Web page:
Some low-income homeowners in California will soon be eligible for a state-funded program that will provide free home battery systems in wildfire-prone regions.
According to the solar provider Sunrun and the non-profit solar installer Grid Alternatives, which issued a joint announcement Thursday, the program is pointed specifically toward customers in California’s San Joaquin Valley and the greater Los Angeles area.
Less than a week after a heatwave triggered another series of rolling blackouts in California, the state’s residents now face hundreds of wildfires that are already contributing to unhealthy air quality and could bring more power outages.
Last week’s solution—not so great for air quality, or sheer optics, in light of recently announced policy to encourage the retirement of diesel trucks in the state—was the strategic deployment of diesel generators.
Although some rushed to blame the increased amount of renewable energy in the power mix for the issues, a mismanaged grid was at least partly to blame—and it’s put the focus on the need for more grid-scale energy storage.
Eligible households will receive a home energy storage system, including 10 years of monitoring and maintenance.
Tesla Powerwall 2.0
Sunrun is the biggest solar provider in the U.S. and earlier this year announced a partnership to deploy Tesla Powerwall hardware. There was no mention of a model or product line provided by this program, but Sunrun has its own Brightbox system stocked with LG Chem cells.
Although Sunrun points out that it’s the first time it’s provided battery installations without solar. The chances seem high that these households will be more likely to add home solar—and, perhaps, an electric car—once they have energy storage. The project cites a California Public Energy Commission study from 2018, suggesting that low-income households spend three times more of their income on energy costs than higher-income households.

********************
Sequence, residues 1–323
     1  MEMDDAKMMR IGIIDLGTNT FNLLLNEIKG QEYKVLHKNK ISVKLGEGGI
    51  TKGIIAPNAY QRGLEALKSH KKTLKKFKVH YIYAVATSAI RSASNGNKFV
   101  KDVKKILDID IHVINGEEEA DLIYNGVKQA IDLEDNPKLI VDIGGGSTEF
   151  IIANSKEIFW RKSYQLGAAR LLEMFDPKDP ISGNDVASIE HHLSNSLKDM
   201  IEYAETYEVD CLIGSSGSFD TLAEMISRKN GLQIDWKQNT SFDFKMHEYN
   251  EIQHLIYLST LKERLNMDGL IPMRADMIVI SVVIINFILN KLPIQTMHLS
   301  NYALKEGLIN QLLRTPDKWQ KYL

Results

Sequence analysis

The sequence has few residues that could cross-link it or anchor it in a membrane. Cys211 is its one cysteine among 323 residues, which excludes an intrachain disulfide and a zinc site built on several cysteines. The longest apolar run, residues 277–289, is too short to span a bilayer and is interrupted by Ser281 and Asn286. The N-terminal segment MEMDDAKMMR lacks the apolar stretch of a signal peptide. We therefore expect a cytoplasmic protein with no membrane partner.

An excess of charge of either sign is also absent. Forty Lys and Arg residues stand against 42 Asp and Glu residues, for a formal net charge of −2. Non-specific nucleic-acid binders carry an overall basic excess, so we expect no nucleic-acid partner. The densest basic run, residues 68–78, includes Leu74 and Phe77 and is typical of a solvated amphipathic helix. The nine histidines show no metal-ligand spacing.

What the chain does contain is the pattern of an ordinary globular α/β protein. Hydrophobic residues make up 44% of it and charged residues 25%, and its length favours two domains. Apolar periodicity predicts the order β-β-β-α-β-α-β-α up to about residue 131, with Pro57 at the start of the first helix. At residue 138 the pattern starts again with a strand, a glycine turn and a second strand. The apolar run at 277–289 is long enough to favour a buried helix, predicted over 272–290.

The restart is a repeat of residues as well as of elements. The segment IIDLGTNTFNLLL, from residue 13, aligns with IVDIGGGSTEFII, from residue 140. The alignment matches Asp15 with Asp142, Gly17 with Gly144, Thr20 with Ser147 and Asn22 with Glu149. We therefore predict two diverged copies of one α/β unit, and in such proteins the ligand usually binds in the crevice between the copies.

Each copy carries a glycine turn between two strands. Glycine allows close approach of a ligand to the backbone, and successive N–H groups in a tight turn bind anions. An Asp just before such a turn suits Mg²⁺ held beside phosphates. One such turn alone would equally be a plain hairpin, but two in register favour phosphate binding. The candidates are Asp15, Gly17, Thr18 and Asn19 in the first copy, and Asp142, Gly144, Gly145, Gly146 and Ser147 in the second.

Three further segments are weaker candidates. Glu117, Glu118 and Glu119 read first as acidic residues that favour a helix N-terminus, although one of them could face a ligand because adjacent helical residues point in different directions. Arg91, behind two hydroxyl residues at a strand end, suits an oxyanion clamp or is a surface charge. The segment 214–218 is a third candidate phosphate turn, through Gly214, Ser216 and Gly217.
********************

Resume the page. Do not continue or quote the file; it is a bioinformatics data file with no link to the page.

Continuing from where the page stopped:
2018 Nissan Leaf
As Green Car Reports has noted in the past, storing solar power in home battery packs has a somewhat higher environmental impact than grid-connected home solar. However in instances like last week’s blackouts—and diesel generators—those advantages likely disappear.
“Energy that is stored where it’s used is cleaner and more resilient than fossil-fueled generators,” Sunrun and GRID pointed out in a joint release. “Generating energy at home and in communities means utility companies don’t have to transport as much electricity long distances in dry, wildfire-prone conditions.”
The program will be funded through California’s Self-Generation Incentive Program (SGIP) Equity Resiliency Budget—an extension of a public utilities’ commission initiative.